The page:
For our endeavour, the Celtic Expansion doesn’t play a role in the context of the origin of The Elder Futhark, since the Celts themselves had no known script at the time (cf. Krause 2007, preface), which could have served as a template alphabet for the runes. The Roman expansion and, in its context, the spread of the Latin script, on the other hand, is of paramount importance for the Latin hypothesis of the formation of the runes. Many Germanic tribesmen served in the Roman army relatively early (cf. Spurkland 2010, p. 71) or traded with the civilian population of Roman provinces that bordered Germania Magna (cf. ibid., P. 69) and thus under these circumstances could’ve learned the Roman script (cf. ibid., p. 68), which in turn possibly inspired the Germanic tribes to design an alphabet of their own (cf. ibid., p. 65).
The migration of the Cimbri and Teutones is also associated with a possible origin of the Elder Futhark (cf. Mees 2015, p. 38), since these two tribes came through areas during their migration to the south (cf. Krause 2005, p. 29 ff.), in which North Etruscan alphabets were still in use (cf. Mees 2015, p. 38). In this context, the Negau helmet B needs to be mentioned, whose inscription was written in a Germanic language, but not in runes; Instead a North Etruscan alphabet was employed (cf. ibid. P. 44). For this reason, the helmet is often used as an example of Germanic peoples who were able to use a North Etruscan script to reinforce the claim of the North Etruscan thesis (cf. Mees 2015, p. 45).
Finally, the historical context of Theo Vennemann’s Phoenician hypothesis should be explained briefly, since this thesis represents an extreme among the theories presented here: According to Vennemann, “Germania in its prehistory was under Carthaginian-Phoenician supremacy” (Vennemann 2006, p. 374), an assumption, which he based on a supposed semitic superstrate in Proto-Germanic, in this case potentially Punic. At the time, Carthage had scouted and secured trading routes and trading posts in the North Atlantic (cf. ibid.). Vennemann speaks of a real “colonization”, which we will take a closer look at in the chapter regarding the Phoenician thesis. For the sake of clarification, Vennemann postulates this colonization to have happened somewhere between the beginning of the 2nd century BC and as early as the end of the 6th century BC, so up to 400 years prior to the migration of the Cimbri and Teutones (!).
This leaves us with a time frame of about 700 years for most of which we have very little historical information about the area that the Romans would later call Germania, especially about its northern parts, which is why our only sources are archaeological ones. In the 6th century BC the Jastorf culture had developed in northern Germany (cf. Willroth 2006, p. 193), which was characterized by a fairly simple life in ‘Wohnstallhausern’, that is, houses with integrated stables and the use of “agriculture and cattle raising for a living” (cf. ibid., P 193 f.). Apart from the rural settlements in the north, there were “numerous fortifications on the edge of the low mountain range, the layout of which may go back to southern models” (ibid., P. 197), by which the famous Celtic hillforts are meant. The iron that give this age its name was first imported from the Celtic south before it was mined by the people of the Jastorf culture themselves (cf. ibid.), which, however, did not lead to an excess of raw materials: on the contrary, the armament of the locals indicates for a lack of iron (cf. ibid., p. 201 f.). Luxury goods seem to have been absent apart from some items imported from the south (cf. ibid., p. 207 f.).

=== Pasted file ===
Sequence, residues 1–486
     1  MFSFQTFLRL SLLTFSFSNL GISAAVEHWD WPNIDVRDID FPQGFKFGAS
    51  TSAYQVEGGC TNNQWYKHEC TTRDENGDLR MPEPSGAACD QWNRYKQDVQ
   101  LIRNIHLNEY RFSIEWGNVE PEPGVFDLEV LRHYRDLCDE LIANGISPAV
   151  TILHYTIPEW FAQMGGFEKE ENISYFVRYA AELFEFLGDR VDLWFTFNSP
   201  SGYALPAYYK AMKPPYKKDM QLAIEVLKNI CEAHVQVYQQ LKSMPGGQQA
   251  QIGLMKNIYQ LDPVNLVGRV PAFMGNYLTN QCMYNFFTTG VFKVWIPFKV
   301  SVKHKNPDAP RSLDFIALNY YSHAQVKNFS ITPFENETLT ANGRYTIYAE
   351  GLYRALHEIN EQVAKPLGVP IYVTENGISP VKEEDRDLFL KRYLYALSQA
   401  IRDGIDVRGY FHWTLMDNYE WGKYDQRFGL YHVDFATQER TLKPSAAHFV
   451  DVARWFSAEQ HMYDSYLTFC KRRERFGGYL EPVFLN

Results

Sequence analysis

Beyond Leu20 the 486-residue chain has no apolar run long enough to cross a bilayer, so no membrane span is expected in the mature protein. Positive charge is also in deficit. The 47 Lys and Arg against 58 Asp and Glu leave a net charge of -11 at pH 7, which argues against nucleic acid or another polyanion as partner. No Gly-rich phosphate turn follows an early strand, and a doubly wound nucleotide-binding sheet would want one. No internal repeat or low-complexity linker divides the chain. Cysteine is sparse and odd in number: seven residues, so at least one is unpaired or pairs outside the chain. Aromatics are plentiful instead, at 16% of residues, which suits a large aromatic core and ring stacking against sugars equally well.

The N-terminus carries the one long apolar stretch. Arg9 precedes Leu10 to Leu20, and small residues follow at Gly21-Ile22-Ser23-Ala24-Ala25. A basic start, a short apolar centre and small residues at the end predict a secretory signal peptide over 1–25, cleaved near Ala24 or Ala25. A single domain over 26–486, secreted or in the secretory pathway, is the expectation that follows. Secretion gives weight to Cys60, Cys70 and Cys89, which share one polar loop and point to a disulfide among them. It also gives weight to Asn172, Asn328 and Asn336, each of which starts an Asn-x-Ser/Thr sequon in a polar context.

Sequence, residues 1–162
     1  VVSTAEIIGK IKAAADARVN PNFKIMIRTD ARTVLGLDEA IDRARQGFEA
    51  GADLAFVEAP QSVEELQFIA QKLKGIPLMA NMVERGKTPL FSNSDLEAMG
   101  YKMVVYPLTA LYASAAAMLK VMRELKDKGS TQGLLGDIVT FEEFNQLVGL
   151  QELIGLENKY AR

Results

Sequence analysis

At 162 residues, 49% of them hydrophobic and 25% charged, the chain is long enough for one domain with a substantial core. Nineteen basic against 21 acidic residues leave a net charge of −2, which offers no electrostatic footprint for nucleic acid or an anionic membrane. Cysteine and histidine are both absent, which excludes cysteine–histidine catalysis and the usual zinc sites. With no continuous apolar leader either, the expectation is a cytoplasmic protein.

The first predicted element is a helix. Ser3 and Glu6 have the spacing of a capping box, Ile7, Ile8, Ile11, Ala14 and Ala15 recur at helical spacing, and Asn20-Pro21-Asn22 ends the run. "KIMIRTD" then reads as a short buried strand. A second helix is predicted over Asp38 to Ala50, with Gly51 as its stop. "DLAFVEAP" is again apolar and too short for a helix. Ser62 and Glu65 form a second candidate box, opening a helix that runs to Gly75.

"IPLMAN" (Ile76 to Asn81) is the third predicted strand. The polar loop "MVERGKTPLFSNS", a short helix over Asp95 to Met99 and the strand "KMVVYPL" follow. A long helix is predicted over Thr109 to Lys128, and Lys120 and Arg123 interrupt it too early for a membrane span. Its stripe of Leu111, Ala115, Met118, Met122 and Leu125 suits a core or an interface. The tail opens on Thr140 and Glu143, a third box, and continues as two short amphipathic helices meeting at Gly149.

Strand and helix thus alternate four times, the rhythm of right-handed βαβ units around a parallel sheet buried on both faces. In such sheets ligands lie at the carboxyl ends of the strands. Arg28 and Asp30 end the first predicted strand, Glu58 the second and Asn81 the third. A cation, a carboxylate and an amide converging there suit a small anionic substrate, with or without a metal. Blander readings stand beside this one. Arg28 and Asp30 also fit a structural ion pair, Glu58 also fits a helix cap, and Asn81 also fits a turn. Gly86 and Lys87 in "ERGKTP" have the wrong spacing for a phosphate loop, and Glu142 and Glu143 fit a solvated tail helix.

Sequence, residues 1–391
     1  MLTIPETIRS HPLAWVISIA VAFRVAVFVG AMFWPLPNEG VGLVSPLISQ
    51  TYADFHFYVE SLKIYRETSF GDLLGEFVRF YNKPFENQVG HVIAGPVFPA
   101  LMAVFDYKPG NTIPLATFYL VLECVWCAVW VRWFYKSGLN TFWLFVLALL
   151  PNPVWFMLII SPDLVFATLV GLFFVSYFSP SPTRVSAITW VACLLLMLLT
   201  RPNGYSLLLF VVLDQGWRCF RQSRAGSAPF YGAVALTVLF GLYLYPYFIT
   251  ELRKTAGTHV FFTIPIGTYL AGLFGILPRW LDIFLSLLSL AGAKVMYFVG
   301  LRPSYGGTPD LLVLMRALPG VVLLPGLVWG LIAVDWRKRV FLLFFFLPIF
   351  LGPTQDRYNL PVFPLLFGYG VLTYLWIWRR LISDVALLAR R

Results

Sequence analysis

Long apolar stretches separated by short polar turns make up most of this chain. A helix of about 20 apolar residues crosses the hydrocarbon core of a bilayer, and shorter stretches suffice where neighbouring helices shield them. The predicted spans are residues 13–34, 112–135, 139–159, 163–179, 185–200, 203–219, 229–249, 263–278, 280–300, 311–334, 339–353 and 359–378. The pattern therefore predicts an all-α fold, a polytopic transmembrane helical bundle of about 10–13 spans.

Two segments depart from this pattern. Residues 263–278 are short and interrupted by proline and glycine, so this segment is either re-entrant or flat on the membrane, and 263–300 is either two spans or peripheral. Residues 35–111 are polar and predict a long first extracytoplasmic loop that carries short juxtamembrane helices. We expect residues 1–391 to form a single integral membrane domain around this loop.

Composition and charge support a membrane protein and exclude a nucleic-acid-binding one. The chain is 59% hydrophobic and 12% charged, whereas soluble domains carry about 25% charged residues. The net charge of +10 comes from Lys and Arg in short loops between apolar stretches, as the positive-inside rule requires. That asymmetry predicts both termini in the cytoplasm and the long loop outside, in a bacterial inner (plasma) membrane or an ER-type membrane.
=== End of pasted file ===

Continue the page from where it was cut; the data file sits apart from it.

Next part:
Whether the people within the distribution area of the Jastorf culture can be linked “with the early Germanic peoples” is “largely rejected today” (ibid., P. 208.) Perhaps they were a population indigenous to the region before the first Indo-European Germanic speakers arrived.
The Runes of The Elder Futhark
As previously mentioned, the Elder Futhark is the oldest form of runic writing known to us, named after its first five characters (th is one character in the runic alphabet, more on this later). The English word “rune” itself is an “academic new formation of the 17th century, modelled on Scandinavian. In ancient times it occurs in all Germanic languages: Gothic Runa, Old Saxon and Old High German Runa, Old English run, Old Norse run, Middle High German Rune with the basic meaning ‘secret’. (cf. Duewel 4 2016. p. 1).
This runic alphabet consists of 24 characters (Kawasaki 2017, p. 36), which in turn are composed of “stick, branch and hook” (Duewel 4 2016, p. 5). This particular structure gives the runes their typical angular appearance, which is especially suitable for inscribing them into natural materials such as wood and stone (cf. Arntz 2009, Chapter XII). Tacitus also reports of the practice of early Germanic peoples to carve signs into wood (cf. Tacitus 32009, p. 51) and Venantius confirms this again in the 6th century AD (cf. Arntz 2009, chap. XI) Archaeological finds also prove that the runes were written “on solid material” (cf. Duewel 42016, p. 4), whereby a distinction is made between loose objects, such as “weapons, jewelry, amulets, coins, various everyday objects” and the famous rune stones (cf. ibid). The signs of the Elder Futhark can be divided into three groups of eight runes, according to two individual finds (cf. Duewel 2016, p. 9). These groups are called “aett”, which means either gender or figure of eight in Old Norse. However, the term itself does not occur during the time in which the Elder Futhark remained in use (cf. ibid.).